A question that I see come up often with regards to Sirius XM (SIRI) was posed today on a recent article by Seeking Alpha author Spencer Osborne. Simply stated; Is there any reason for Liberty Media (LMCA) to sell its Sirius XM stake, and if so, who might a buyer be?
It's a great question and due to the frequency with which it comes up I thought it might be a good idea to expand upon my brief answer to Last Lap Rich.
First, I believe it is well understood that Sirius XM makes up the greatest portion of Liberty Media's market cap. As I stated last year, if you consider Liberty Media to be a "burger" of a company then Sirius XM is the actual meat. It's the priciest and arguably most essential portion of the company. Take anything else away such as Liberty's holdings in Live Nation (LYV) or Barnes and Noble (BKS) and you impact the company's market cap slightly. If you take away Sirius XM the market cap of Liberty Media would likely be reduced by greater than half.
A burger is a burger by itself, with all the other parts removed. A burger without the burger patty turns into something else. Arguably a lettuce sandwich with pickles, tomatoes, mayo and no meat does not sound as appetizing and would likely command a much lower price. When I think of the stock market I think of ravenous meat eating carnivores anyways. Vegetarians? Not so much. Meat is good when it comes to investing.
That said, once it is understood that Sirius XM makes up that all important meat of Liberty Media, it can be seen how important this is to Liberty's moves. Consider how Liberty uses its Sirius XM stake. It is using it as leverage to back margin loans when it needs cash for other ventures. By holding on to Sirius XM and borrowing against it, Liberty is able to borrow at low rates on an asset which is increasing in value at a much greater rate than the borrowing costs.
That's the key here as to whether or not Liberty will be in a hurry to sell back its shares or spin out the company in a Reverse Morris Trust. So long as Sirius XM is projected to increase in value to a much greater extent than it costs to borrow against that stake then it is likely Liberty will be more inclined to hold its position and not sell its shares, be they high basis or low basis.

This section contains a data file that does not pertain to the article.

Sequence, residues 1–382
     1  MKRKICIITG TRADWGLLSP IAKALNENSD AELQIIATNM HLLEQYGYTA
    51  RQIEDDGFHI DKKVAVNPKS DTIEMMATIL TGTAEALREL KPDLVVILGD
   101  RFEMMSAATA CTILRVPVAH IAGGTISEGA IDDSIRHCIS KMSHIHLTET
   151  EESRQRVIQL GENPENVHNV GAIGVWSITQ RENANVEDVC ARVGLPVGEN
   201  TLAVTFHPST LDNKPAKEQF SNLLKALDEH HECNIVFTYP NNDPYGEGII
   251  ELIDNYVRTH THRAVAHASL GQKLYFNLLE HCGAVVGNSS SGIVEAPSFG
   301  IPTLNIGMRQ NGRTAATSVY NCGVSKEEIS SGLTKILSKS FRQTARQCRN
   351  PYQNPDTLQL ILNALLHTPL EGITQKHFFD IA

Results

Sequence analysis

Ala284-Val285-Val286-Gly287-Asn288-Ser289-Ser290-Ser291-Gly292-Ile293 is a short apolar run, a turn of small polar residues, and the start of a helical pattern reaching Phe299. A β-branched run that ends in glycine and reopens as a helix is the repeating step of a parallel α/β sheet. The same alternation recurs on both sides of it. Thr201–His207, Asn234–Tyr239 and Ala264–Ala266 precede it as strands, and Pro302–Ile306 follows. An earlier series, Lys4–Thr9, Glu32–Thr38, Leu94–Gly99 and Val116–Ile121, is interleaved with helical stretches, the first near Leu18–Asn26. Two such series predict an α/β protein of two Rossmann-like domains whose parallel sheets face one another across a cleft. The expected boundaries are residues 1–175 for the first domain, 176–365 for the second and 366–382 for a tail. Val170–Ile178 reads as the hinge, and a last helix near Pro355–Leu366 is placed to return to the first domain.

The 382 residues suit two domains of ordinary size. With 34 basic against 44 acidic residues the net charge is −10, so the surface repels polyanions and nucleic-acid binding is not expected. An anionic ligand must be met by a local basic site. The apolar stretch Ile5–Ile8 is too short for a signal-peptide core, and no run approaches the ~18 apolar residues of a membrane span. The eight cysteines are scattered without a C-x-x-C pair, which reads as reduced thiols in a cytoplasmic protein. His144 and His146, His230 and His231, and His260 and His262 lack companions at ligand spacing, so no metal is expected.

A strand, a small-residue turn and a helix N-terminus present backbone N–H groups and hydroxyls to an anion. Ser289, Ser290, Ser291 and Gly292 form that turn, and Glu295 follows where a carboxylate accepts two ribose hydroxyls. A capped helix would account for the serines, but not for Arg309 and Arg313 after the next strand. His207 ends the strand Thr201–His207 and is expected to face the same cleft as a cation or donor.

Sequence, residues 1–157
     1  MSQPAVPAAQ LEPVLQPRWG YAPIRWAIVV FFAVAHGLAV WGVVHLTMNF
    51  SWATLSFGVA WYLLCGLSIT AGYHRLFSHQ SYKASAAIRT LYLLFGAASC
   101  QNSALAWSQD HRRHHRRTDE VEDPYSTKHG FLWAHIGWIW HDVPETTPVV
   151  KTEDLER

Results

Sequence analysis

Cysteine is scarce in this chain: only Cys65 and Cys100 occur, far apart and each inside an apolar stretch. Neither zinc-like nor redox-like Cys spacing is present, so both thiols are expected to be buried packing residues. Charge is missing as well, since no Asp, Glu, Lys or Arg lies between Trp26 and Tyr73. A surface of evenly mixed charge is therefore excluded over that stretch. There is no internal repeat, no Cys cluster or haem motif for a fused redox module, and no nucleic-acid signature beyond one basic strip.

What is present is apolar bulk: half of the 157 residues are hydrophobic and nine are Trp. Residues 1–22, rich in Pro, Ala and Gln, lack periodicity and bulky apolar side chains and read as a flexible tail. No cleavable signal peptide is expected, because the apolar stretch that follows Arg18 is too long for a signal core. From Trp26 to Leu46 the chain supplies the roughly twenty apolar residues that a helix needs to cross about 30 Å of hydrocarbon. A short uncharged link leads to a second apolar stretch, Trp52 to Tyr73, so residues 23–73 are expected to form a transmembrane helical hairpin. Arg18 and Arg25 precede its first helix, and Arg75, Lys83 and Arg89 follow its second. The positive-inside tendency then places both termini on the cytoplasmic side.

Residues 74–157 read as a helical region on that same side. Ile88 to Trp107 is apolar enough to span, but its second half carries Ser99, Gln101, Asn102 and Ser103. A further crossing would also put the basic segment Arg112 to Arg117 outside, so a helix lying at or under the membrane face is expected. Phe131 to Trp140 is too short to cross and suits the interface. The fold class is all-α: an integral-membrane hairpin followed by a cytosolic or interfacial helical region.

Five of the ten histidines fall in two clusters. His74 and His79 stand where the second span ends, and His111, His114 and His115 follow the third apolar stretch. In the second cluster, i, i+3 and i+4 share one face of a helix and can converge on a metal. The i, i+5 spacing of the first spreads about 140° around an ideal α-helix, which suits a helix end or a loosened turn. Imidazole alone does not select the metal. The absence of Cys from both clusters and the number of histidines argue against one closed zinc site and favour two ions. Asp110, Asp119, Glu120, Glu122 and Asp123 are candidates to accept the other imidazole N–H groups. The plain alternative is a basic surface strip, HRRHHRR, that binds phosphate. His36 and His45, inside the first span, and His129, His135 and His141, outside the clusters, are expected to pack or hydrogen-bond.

Consider someone with $1,000,000 in something valuable that is expected to increase in value by 30% in the coming year. Let's call it "gold." Now consider that person needs $200,000 in cash to pursue some sort of venture. They can borrow this against their stake in "gold" at 5%. At the end of the year if they borrow against their stake they pay $10,000 in interest but the underlying asset increases in value by $60,000. They made $50,000 vs. selling that "gold" and using cash to fund the transaction.
Of course there are risks involved here. If "gold" (Sirius XM) depreciates then the individual (Liberty Media) would be better served using cash and not holding that depreciating asset and paying interest. The beauty here is that Sirius XM has the free cash flow and borrowing capacity to add debt and repurchase some of those high basis shares from Liberty if Liberty needs cash. If interest rates go up enough, or if Sirius XM slows in growth and the share price stagnates, Liberty could choose to begin selling back at that time.
But for now, Liberty is best served by holding on to its entire Sirius XM stake and doing the same thing it has been doing this year. Taking margin loans against its stake in Sirius XM at low interest rates, especially as Sirius XM is steadily appreciating due to company performance on top of share buybacks, is a smart move which should be quite beneficial to Liberty Media and Sirius XM both. On Liberty's side, investors get cheap leverage at favorable interest rates on top of Sirius XM's appreciation. On Sirius XM's side investors get stability and the benefit of a long supportive buyback rather than a quick and dangerous pump an dump from Liberty Media.
The question of who might a buyer be if Liberty were to sell I feel is best answered with "nobody." At the moment I don't see other companies out there as being interested in purchasing Sirius XM, and if and when the time comes for Liberty to spin out its Sirius XM stake I would expect it to spin Sirius XM out as Sirius XM. Time could change my perception here but for now I don't see Sirius XM being sold.
In my opinion, investment in either company, Sirius XM or Liberty Media, will do extraordinarily well. Both are excellent investments. Whether you buy one or the other or both will depend on your perception of the other companies in the Liberty Portfolio or whether you prefer the "pure play" Sirius XM provides on its performance alone.
Additional disclosure: I am long SIRI January 2014 $2, $2.50, $3 and $3.50 calls capped at $4 in a series of bull call spreads.